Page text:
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I was trying to get PHP-FPM running a pool as root, but I can't seem to adjust the init.d startup params.

It works when starting PHP-FPM from the CLI (with sudo php-fpm7.0 -DRy /etc/php/7.0/fpm/php-fpm.conf, but I can't get this to work with the service command (sudo service php7.0-fpm (re)start. So Everytime the server reboots, PHP-FPM fails and I would have to run this command.

I have tried to place a file "php-fpm7.0" in /etc/default with the line DAEMON_ARGS="--daemonize --fpm-config $CONFFILE -R", and I even tried add the -R parameter to the do_start function in /etc/init.d/php7.0-fpm directly, but I keep getting the please specify user and group other than root error.

Is there any way I can get this working on startup and with the service command?


Off topic: I know all the risks and I know why I shouldn't do it, but I want to anyway. I need to run some scripts to create directories, performing chown commands etc. and the pool will be dedicated to a backend used by an nginx server block which is reachable from within the private 192.168.1.X network only on one specific URL path.

As an alternative I could set up a cron script which executes a PHP script as root, but that approach would cost me a lot more hours.

8
+50

On systemd systems, you may have to configure this via systemd rather than system V init scripts

The below steps are tested and working on Ubuntu 16.04 LTS. And this is your culprit for redirected init scripts:

/lib/lsb/init-functions.d/40-systemd

1. Edit your php-fpm pool configuration e.g. /etc/php/7.0/fpm/pool.d/www.conf and configure root as the user/group as root

; Unix user/group of processes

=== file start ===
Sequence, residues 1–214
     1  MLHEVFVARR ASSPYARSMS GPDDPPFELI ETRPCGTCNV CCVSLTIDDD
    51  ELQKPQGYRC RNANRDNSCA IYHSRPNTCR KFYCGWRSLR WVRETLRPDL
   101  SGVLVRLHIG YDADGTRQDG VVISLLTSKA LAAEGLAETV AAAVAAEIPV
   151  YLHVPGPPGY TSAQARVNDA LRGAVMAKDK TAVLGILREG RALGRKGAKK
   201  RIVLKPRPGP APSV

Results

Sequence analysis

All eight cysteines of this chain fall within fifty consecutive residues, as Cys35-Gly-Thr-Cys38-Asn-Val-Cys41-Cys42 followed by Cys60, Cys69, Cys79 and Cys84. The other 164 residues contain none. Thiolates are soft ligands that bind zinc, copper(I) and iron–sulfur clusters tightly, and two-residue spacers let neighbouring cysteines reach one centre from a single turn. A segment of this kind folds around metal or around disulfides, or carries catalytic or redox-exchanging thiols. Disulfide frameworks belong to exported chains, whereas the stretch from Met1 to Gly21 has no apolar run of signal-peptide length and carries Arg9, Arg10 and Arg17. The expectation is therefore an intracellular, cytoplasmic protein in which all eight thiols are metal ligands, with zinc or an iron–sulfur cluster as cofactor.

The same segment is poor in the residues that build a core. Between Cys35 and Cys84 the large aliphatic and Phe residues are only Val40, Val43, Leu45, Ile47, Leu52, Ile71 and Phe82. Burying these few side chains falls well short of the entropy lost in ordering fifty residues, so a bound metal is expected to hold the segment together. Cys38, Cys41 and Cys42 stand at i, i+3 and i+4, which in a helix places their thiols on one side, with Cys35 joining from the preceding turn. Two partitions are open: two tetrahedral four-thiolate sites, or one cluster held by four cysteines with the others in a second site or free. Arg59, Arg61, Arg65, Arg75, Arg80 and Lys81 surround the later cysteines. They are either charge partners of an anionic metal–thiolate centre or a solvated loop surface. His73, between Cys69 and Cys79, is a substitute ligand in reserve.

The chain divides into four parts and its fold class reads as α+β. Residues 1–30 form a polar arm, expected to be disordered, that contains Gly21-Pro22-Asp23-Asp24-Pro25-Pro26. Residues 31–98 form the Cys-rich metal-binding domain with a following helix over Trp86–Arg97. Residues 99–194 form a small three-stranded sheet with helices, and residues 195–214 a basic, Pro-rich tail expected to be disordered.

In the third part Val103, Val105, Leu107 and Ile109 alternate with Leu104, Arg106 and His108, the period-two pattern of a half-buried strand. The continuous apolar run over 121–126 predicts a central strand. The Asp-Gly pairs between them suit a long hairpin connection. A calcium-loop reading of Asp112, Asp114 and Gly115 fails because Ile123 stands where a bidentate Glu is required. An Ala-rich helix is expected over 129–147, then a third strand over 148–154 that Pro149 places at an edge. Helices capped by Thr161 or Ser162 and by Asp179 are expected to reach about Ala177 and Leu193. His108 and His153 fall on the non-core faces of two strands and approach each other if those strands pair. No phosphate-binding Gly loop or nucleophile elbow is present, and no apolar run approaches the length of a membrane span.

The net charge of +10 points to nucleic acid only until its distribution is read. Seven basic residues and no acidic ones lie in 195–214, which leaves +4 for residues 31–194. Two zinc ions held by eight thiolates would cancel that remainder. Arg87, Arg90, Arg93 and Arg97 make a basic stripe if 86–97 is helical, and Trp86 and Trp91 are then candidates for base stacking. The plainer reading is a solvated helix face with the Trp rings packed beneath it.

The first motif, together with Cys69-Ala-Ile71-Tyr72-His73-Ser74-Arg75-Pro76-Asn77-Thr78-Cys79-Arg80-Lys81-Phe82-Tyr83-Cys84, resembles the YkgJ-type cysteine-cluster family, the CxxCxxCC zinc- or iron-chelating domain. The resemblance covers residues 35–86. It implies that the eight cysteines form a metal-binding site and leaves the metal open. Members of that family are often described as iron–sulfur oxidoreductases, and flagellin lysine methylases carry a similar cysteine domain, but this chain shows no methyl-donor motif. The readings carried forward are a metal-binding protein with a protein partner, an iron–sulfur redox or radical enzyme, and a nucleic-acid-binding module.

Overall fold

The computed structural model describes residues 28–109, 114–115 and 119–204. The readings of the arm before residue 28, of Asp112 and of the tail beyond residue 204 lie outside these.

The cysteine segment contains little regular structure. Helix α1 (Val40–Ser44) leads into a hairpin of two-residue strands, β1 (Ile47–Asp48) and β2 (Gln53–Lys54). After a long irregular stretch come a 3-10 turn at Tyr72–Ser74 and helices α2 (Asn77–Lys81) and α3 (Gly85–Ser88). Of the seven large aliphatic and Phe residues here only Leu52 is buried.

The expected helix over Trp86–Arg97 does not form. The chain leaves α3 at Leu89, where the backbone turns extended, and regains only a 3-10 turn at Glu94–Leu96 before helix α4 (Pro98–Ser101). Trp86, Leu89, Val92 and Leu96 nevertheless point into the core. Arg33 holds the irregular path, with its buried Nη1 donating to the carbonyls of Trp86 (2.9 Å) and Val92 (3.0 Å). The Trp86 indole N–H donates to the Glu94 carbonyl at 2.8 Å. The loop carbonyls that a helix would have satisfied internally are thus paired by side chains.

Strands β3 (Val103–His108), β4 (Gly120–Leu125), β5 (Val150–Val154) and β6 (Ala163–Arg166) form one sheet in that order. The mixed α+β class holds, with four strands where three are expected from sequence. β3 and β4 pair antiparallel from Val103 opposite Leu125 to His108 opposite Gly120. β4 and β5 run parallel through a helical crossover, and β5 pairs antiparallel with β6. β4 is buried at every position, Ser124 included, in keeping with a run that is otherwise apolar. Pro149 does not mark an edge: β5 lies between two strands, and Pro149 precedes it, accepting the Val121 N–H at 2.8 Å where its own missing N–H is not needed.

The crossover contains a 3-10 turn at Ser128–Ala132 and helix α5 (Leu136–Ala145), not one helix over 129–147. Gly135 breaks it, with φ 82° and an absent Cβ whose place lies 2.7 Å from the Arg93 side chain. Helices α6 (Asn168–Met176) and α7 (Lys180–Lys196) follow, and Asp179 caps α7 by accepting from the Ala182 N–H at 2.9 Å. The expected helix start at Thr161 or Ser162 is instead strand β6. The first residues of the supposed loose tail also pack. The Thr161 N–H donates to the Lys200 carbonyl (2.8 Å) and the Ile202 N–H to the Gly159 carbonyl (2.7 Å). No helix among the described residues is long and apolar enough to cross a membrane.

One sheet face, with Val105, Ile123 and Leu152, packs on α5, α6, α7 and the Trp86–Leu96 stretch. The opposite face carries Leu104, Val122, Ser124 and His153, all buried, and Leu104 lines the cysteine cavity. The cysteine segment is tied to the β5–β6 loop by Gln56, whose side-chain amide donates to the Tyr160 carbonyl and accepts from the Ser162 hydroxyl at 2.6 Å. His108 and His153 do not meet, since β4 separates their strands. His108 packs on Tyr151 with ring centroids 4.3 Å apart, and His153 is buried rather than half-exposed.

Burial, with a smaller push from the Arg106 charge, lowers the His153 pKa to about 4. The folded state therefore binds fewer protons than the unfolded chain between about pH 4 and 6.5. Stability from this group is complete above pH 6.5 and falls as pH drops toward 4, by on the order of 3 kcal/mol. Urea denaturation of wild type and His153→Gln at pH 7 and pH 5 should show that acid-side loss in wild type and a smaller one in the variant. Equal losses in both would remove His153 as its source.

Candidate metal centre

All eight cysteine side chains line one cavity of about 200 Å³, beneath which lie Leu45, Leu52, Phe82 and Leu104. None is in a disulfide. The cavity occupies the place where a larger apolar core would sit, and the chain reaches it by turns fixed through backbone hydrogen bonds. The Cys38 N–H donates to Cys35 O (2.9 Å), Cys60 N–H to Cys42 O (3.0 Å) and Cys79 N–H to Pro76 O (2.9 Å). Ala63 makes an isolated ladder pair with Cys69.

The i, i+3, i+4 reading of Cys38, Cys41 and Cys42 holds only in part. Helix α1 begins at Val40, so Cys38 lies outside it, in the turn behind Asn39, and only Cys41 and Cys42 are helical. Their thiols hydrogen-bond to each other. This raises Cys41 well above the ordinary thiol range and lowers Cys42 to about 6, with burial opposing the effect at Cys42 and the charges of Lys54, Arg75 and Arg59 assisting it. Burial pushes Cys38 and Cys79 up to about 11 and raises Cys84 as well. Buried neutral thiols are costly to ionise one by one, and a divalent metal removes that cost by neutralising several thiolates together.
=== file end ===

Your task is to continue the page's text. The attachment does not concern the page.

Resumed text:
; Note: The user is mandatory. If the group is not set, the default user's group
;       will be used.
user = root
group = root

2. Edit /lib/systemd/system/php7.0-fpm.service and append -R to the ExecStart variable to allow the service to run as root

ExecStart=/usr/sbin/php-fpm7.0 --nodaemonize --fpm-config /etc/php/7.0/fpm/php-fpm.conf -R

3. Reload the configuration

$ systemctl daemon-reload

4. Start the service

$ systemctl start php7.0-fpm

5. Check it out

$ ps auwx | grep php
root     32061  0.0  0.0 221680 26084 ?        Ss   16:59   0:00 php-fpm: master process (/etc/php/7.0/fpm/php-fpm.conf)
root     32063  0.0  0.0 221680  4992 ?        S    16:59   0:00 php-fpm: pool www
root     32064  0.0  0.0 221680  4992 ?        S    16:59   0:00 php-fpm: pool www
3

I finally found a solution. It turned out Ubuntu was using systemd to start and restart PHP-FPM and was therefor ignoring the init.d files.

If you experience issues with adjustments to init.d files being ignored and you're on Ubuntu 15.04 or later, big chance that service has a systemd service file as well.


So the fix for my problem: My system has a file named /lib/systemd/system/php7.0-fpm.service, which is used by systemd. With the command cat /lib/systemd/system/php7.0-fpm.service you can see the content of the service file. You replace php7.0-fpm.service with the name of your service file. PHP7.0-FPM's service file looks like this:

[Unit]
Description=The PHP 7.0 FastCGI Process Manager
Documentation=man:php-fpm7.0(8)
After=network.target

[Service]
Type=notify
PIDFile=/run/php/php7.0-fpm.pid
ExecStart=/usr/sbin/php-fpm7.0 --nodaemonize --fpm-config /etc/php/7.0/fpm/php-fpm.conf
ExecReload=/bin/kill -USR2 $MAINPID

[Install]
WantedBy=multi-user.target

In my case I needed to adjust the ExecStart rule. We don't have to edit this file, because systemd offers a way to override specific rules. The command sudo systemctl edit php7.0-fpm.service will open up an editor where you can enter those rules. Just enter the section(s) of the rule(s) you want to adjust and save the file. In my case it looks like this:

[Service]
ExecStart=
ExecStart=/usr/sbin/php-fpm7.0 --allow-to-run-as-root --nodaemonize --fpm-config /etc/php/7.0/fpm/php-fpm.conf

Make sure to reset the rule you want to edit first, otherwise both rules will be executed. Also make sure to run sudo systemctl daemon-reload after saving this file. In my case running pools as root is now allowed on Ubuntu 16.04.

3
  • 1
    Darn I was just about to answer... – Ryan Babchishin Jul 10 '16 at 16:59
  • Well in that case post an answer anyway. I can't take back my bounty, so I guess I can make you happy with it lol – redelschaap Jul 10 '16 at 17:03
  • Can I still get the bounty? :) – Ryan Babchishin Jul 11 '16 at 16:00

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